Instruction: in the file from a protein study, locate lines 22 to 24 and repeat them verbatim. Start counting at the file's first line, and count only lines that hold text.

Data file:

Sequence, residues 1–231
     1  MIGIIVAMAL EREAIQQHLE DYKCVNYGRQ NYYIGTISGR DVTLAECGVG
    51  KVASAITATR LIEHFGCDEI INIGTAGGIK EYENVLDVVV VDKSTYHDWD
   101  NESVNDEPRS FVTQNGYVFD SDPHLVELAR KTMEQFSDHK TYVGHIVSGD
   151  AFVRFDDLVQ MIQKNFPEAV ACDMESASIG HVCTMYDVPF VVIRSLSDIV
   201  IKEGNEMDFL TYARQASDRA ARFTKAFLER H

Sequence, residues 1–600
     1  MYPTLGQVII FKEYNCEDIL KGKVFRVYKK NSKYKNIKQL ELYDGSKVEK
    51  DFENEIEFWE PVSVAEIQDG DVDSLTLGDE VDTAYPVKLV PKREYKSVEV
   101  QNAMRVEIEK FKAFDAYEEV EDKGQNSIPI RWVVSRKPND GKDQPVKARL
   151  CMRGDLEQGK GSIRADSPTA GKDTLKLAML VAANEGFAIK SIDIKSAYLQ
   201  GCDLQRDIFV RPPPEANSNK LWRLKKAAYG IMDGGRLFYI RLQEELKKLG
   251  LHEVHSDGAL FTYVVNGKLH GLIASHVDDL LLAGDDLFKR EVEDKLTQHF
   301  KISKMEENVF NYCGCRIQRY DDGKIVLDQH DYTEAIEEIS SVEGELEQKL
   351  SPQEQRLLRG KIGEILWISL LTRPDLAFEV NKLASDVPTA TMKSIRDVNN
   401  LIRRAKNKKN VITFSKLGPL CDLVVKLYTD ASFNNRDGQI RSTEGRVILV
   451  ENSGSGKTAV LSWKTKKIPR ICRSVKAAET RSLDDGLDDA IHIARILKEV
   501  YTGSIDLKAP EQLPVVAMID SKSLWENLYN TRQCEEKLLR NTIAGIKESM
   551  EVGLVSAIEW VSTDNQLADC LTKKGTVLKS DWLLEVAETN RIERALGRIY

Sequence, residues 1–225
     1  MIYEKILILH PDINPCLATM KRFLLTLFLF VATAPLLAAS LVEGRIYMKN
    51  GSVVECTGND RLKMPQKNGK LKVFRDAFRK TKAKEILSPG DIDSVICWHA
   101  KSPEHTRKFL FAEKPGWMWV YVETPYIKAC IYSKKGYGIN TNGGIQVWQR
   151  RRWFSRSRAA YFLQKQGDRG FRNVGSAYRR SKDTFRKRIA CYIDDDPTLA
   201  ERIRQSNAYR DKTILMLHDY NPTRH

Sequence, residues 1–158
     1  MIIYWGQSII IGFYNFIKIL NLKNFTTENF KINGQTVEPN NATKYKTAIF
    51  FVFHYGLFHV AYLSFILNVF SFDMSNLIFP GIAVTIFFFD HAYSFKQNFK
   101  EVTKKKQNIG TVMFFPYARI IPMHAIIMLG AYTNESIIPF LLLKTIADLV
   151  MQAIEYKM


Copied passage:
    51  GSVVECTGND RLKMPQKNGK LKVFRDAFRK TKAKEILSPG DIDSVICWHA
   101  KSPEHTRKFL FAEKPGWMWV YVETPYIKAC IYSKKGYGIN TNGGIQVWQR
   151  RRWFSRSRAA YFLQKQGDRG FRNVGSAYRR SKDTFRKRIA CYIDDDPTLA